PhysOrg greets our oldest known ancestor – a very special worm:
Researchers from the University of Cambridge, University of Toronto and the Royal Ontario Museum (ROM) have confirmed that a 505 million-year-old creature, found only in the Burgess Shale fossil beds in Canada’s Yoho National Park, is the most primitive known vertebrate and therefore the ancestor of all descendant vertebrates, including humans.
The research team’s analysis proves the extinct Pikaia gracilens is the most primitive member of the chordate family, the group of animals that today includes fish, amphibians, birds, reptiles and mammals.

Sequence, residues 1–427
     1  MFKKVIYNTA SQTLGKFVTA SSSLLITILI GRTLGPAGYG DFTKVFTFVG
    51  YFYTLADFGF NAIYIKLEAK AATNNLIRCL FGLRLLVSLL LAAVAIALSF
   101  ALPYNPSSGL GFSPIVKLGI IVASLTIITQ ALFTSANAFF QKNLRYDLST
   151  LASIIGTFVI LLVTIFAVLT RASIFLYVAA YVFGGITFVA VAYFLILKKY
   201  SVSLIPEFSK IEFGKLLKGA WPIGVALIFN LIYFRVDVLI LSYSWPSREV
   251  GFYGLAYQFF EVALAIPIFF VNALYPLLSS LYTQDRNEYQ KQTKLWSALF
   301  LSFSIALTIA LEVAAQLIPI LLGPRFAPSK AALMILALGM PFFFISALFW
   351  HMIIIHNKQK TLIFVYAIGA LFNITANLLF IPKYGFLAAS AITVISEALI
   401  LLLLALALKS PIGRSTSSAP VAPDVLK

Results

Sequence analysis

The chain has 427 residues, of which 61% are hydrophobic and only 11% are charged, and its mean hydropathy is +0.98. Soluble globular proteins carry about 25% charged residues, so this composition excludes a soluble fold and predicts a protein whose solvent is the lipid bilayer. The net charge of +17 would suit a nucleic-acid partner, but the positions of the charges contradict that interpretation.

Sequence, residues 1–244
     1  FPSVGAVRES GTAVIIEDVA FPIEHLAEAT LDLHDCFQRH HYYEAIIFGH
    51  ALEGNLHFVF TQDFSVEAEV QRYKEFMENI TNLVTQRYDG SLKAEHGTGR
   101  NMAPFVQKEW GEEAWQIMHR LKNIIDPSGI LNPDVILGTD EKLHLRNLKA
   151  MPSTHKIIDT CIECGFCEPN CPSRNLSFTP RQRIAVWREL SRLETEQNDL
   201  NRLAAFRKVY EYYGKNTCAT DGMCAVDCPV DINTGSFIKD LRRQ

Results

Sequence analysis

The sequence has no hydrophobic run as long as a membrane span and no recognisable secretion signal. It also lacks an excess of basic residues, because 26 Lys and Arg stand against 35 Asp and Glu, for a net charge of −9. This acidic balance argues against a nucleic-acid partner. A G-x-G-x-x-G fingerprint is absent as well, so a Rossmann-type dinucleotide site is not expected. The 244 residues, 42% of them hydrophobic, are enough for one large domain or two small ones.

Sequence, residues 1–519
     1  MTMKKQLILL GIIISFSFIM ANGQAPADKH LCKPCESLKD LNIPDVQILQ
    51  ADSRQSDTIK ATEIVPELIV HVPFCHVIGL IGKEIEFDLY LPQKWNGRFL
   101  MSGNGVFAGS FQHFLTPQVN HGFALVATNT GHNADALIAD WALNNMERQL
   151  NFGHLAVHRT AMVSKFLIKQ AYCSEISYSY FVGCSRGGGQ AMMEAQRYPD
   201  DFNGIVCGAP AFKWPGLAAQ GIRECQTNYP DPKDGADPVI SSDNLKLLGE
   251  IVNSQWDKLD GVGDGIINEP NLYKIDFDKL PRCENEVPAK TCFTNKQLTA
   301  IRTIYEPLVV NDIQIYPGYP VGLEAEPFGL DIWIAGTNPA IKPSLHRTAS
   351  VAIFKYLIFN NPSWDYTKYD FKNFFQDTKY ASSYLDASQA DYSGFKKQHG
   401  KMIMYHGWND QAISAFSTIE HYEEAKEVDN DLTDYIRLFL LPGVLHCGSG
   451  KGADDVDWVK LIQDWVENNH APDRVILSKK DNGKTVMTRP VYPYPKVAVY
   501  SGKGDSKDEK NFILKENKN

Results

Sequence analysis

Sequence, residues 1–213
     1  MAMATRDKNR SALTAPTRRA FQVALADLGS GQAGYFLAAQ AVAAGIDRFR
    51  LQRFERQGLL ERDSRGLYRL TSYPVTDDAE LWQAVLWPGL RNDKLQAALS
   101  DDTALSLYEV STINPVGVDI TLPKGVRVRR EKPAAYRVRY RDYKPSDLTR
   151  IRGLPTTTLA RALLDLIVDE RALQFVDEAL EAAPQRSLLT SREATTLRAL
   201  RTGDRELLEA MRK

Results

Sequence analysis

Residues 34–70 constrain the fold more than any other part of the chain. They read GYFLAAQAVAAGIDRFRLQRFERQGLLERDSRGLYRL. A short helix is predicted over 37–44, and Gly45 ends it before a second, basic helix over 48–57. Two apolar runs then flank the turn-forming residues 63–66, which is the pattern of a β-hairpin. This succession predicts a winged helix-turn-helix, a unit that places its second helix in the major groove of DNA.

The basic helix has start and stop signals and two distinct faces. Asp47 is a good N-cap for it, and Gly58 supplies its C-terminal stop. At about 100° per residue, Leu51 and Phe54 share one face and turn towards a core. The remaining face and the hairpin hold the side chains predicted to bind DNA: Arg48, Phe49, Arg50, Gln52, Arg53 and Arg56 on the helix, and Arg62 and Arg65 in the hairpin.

Averaging about five centimetres in length, Pikaia was a sideways-flattened, somewhat eel-like animal. The flattened body is divided into a series of segmented muscle blocks seen as S-shaped lines that lie on either side of the notochord which runs along most, if not all of the body length. It likely swam above the sea floor by moving its body in a series of side-to-side curves.
When P. gracilens was first discovered in 1911, they thought it was a leech or earthworm. Can you imagine? The nerve of some paleontologists.